The American Academy of Pediatrics (AAP) wants to be as clear as can be on the safest way to buckle up your kids in the car. They just released new car seat guidelines for 2017 with very specific age and weight requirements and the folks at Healthy Child have conveniently summarized the important parts, should you not want to order a whole brochure.
The AAP has even gone a step further and compiled a list of 2017 approved car seats that you can feel good about buying. Way to make a parent’s life easier, AAP!
Related: Mifold vs. BubbleBum: Travel booster seat smackdown
So I’ve dug into the new 2017 car seat guidelines to see what’s new in particular that I think parents should know.
While they remain largely the same as the guidelines last released in 2011 — notable for the strong recommendation that children under 2 remain in a rear-facing car seat — this newly released chart leaves no room for debate on age, height, and weight requirements.
Here’s a good summary of what’s new that you should know:
- Car seat guidelines for children 2 and under: The AAP recommends you use a rear-facing only seat (or one that converts from rear-facing to forward) until 2 years of age or until your child reaches the maximum weight/height restrictions allowed by the car seat manufacturer.
- Car seat guidelines for toddlers and preschoolers: Once children have outgrown the rear-facing seat and are over 2-years-old, they should ride in a convertible or forward-facing car seat with harness until they reach the maximum height or weight allowed by the car seat manufacturer.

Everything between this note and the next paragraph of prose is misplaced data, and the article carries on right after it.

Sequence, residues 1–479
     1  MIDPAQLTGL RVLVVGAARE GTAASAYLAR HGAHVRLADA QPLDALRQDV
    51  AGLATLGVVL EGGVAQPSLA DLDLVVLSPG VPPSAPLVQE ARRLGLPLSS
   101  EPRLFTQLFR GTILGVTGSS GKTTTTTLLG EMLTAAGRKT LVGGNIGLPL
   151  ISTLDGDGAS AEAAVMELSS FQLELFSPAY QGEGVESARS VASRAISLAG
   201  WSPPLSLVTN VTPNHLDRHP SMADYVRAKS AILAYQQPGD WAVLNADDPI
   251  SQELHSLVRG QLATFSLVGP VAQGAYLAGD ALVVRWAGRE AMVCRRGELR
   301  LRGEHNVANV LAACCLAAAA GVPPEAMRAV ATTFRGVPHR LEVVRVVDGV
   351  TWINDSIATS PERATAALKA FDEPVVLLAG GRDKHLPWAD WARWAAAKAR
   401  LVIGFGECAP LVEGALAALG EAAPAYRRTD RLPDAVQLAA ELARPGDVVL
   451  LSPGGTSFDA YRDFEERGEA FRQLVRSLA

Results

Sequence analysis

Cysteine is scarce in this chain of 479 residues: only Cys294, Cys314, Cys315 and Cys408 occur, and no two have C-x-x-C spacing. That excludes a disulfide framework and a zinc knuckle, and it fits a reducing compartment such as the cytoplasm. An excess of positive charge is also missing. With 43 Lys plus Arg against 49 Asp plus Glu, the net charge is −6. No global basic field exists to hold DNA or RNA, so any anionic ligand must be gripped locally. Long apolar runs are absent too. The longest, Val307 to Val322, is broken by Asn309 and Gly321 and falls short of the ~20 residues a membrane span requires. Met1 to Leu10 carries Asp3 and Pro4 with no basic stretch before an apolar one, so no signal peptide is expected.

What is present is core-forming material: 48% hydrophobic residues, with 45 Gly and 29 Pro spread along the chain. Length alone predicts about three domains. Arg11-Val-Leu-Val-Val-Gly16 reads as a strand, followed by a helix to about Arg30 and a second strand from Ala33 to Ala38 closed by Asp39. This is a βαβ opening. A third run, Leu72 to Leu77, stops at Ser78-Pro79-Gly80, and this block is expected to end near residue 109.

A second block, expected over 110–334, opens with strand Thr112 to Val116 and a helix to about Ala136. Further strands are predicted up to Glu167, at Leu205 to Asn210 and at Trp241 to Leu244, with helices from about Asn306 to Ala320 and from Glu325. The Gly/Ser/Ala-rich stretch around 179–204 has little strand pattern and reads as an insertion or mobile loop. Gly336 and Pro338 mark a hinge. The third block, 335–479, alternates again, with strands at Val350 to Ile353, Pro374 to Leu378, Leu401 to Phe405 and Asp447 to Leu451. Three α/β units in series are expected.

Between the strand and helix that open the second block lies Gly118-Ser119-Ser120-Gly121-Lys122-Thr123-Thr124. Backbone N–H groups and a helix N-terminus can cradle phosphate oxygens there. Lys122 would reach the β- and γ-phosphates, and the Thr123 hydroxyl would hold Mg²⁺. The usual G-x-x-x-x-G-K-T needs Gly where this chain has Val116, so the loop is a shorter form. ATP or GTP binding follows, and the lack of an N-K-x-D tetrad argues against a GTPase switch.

- Car seat guidelines for school-aged children: Children should sit in a belt positioning booster seat when they have outgrown the forward-facing convertible car seat. They should remain in a booster until they are 4’9″ tall, which typically between ages 8-12.
- Car seat guidelines for larger kids and teens: Once children have outgrown a booster seat, they can wear seat belts. However, all children under 13, regardless of height and weight, should remain in the back seat.
It’s important to be aware however that all states have different children’s car seat laws or recommendations, as you can see from this page that AAA put together.
For example, Iowa requires everyone 18 and under to wear a seatbelt, even in the back seat; in states like Maryland and New York, the requirement only goes up to 16. And then there’s South Carolina, which doesn’t seem to offer any guidance at all for children over 6.
But we say, everyone should wear seat belts, all the time, in any seat. Even us adults.
Top photo: Paul Hamilton @ Flickr Creative Commons